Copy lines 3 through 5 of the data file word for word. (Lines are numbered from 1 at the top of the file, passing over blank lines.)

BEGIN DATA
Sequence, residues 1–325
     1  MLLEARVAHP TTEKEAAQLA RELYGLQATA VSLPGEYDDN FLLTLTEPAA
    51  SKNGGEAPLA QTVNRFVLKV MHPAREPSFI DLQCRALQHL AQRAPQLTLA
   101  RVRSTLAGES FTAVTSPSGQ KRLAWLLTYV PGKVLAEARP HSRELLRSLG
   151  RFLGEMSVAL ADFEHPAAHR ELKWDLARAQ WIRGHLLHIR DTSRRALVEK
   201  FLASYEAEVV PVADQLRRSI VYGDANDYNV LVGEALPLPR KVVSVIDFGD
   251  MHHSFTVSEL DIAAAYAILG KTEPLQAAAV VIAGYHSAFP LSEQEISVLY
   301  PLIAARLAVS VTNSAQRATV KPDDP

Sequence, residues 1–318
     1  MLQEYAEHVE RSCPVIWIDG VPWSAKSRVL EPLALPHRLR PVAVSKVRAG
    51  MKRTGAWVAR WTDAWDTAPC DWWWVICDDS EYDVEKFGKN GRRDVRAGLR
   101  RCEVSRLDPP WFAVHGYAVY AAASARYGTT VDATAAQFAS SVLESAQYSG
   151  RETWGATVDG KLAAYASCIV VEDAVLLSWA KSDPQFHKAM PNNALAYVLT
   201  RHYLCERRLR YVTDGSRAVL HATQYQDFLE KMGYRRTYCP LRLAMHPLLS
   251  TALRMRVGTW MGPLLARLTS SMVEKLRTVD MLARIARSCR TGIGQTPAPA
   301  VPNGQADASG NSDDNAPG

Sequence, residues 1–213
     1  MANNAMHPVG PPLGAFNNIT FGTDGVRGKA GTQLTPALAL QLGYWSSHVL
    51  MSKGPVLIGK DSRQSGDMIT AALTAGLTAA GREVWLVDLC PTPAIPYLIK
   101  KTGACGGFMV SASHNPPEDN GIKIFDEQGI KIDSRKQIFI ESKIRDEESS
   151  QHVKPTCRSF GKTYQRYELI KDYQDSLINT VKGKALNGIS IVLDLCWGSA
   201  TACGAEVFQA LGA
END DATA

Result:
    51  SKNGGEAPLA QTVNRFVLKV MHPAREPSFI DLQCRALQHL AQRAPQLTLA
   101  RVRSTLAGES FTAVTSPSGQ KRLAWLLTYV PGKVLAEARP HSRELLRSLG
   151  RFLGEMSVAL ADFEHPAAHR ELKWDLARAQ WIRGHLLHIR DTSRRALVEK